The Chatter ring, also Gyro ring or Jitter ring, is a toy with small spinning rings, called beads, around a big hoop, called the ring. The goal is to keep all of the beads spinning for as long, and as fast, as possible.  Investigate how one works, both experimentally and theoretically.
 The Chatter Ring has been marketed also under the names Gyro Ring, Jitter Ring, and Flitter Ring, with a retail price of under US$20.
Edward Craven Walker and David George Smith invented the Lava Lamp in 1963, and it soon became a fad, remaining popular throughout the 1970s. Investigate, both theoretically and experimentally, the physics of lava lamps.
 The figure is from US patent US3387396A, which was filed along with UK patent GB1034255A, on March 18, 1964.
Modeling Impact Craters
What happens when a large rock hits a planet or moon? Does it matter if it hits the water or land? How much kinetic energy does it take to produce a crater of a particular diameter? Where does this energy go during the impact? What forms the central peaks found in some lunar craters such as Tycho  shown.
Conduct experiments designed to reproduce the shape of various terrestrial and lunar craters. Use your experimental results, and appropriate scaling relations, to estimate the energy needed to produce observed impact craters. How do your results compare with estimates from the scientific literature?
 The top figure is a mosaic of images taken with the Lunar Reconnaissance Orbiter, by scientists at NASA/Goddard and Arizona State University, while the bottom is a view of the central peak by the same team.
Joseph Henry’s Rocking Motor
In 1831 Joseph Henry invented the first electromagnetic motor, or as he put it: “I have lately succeeded in producing motion in a little machine by a power, which, I believe, has never before been applied in mechanics—by magnetic attraction and repulsion.” Read Henry’s article and reproduce his experiment. Clearly explain how it works using Henry’s reasoning, and then using modern electromagnetic field theory. Next, design and build, a solar powered electromagnetic rocking motor optimized for pumping water in an arid rural area.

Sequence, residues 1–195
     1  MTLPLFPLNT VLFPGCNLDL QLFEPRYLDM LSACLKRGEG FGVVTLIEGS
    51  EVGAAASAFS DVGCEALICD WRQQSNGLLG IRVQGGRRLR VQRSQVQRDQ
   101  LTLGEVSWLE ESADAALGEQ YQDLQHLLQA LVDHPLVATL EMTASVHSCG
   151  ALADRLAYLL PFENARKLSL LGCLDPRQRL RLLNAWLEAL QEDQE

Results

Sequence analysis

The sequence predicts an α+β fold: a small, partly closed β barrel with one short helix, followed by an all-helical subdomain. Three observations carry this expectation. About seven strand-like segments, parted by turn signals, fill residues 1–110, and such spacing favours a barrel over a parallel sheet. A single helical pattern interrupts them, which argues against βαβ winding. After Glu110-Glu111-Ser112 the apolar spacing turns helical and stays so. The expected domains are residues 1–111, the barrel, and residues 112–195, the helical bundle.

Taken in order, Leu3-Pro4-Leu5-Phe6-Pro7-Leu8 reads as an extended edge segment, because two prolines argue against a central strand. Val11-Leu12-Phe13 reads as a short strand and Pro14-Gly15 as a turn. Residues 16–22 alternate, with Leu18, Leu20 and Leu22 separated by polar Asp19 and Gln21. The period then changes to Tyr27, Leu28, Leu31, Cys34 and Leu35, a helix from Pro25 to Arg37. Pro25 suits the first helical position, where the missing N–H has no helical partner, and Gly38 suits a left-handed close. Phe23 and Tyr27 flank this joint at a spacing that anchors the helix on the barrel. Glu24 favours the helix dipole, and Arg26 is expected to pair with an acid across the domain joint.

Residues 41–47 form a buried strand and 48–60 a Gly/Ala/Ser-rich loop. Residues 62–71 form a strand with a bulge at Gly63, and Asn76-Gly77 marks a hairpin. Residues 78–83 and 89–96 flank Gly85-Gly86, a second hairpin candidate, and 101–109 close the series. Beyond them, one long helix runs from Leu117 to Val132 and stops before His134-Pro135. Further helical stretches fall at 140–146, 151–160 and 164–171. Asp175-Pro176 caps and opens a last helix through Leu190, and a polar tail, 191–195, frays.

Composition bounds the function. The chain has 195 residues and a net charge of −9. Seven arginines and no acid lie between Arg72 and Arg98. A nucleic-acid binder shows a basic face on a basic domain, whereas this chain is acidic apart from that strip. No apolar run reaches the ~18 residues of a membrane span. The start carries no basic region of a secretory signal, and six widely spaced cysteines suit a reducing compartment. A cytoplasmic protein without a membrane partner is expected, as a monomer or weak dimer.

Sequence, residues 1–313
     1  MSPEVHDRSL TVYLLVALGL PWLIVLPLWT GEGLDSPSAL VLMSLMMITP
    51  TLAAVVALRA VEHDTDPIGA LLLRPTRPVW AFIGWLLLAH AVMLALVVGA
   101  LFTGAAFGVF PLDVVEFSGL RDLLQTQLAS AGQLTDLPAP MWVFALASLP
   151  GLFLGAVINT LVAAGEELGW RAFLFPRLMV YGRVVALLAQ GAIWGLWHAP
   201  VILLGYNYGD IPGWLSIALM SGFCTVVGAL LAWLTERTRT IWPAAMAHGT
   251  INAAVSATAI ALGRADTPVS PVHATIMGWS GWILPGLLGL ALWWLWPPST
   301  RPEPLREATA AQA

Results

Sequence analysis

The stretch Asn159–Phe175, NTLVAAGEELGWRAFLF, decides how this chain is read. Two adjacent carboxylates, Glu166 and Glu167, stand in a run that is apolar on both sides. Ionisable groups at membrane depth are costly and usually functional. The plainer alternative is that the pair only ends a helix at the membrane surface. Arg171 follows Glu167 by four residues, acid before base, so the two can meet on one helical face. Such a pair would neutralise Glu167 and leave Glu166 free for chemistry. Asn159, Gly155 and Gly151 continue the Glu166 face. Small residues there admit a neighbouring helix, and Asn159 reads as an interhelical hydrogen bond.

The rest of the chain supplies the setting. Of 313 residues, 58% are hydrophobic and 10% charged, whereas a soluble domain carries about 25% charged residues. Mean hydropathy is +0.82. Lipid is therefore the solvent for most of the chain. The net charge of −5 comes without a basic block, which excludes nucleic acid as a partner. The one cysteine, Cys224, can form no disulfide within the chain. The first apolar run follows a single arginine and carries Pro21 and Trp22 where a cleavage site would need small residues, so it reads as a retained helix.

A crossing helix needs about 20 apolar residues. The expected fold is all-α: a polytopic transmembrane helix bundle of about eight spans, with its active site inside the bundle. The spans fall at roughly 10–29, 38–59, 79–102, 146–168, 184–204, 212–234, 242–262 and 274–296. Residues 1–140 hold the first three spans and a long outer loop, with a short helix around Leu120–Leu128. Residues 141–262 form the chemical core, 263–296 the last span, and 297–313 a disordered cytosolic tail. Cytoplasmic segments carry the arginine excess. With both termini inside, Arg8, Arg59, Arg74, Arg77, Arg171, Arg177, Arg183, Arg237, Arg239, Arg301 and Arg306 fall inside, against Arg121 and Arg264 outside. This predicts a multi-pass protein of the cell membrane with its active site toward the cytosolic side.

Henry, Joseph, On a Reciprocating motion produced by Magnetic Attraction and Repulsion, American Journal of Science and Arts, (1831) Vol. XX, No. 2, Art. XVII, pp. 240-343.
Notes from the Problem Master
Clarification of the term investigate:
All the problems require both a theoretical and an experimental investigation. To investigate something theoretically, it means that you must start with clearly stated assumptions and derive, or calculate, from those what you expect to measure. This process is called deductive reasoning. To investigate something experimentally, it means that you must control variables and test hypotheses. This is the process of inductive reasoning. Good science combines inductive and deductive reasoning. Good physics is both theoretically derivable and experimentally testable.
In practice, however, real things are complicated, so we usually start with grossly simplistic assumptions, called hypotheses, and use deductive reasoning to build a toy model that can predict the results of an experiment. Through the process of inductive reasoning, we compare our toy model to experimental measurements, and evaluate our assumptions. By iterating between deductive and inductive reasoning, we learn which assumptions to keep, and which need to be lifted, until the model’s predictions match the experiment.
Academic honesty and sources of information:
When you embark on researching a new topic, often you will refer to a source for information, such as a: book, journal article, patent claim, data archive, or any other source of information. In all of these cases, it is important to be clear about where the information came from, which you do by citing each source in context. You never want to confuse your work with work done by others. Whenever possible, it is good practice to find, read, and cite primary sources, which were authored by the scientists who did the actual work. If you took the time to read the literature about a topic, and you make that clear, the jurors will reward you for it.
Understanding where data come from is particularly important in science. For example, it is acceptable to use public scientific data, so long as you analyze them yourselves and clearly cite where they came from. Even fundamental constants are measured (or used to define the SI), and need to be appropriately cited.
A PDF of this is also available.
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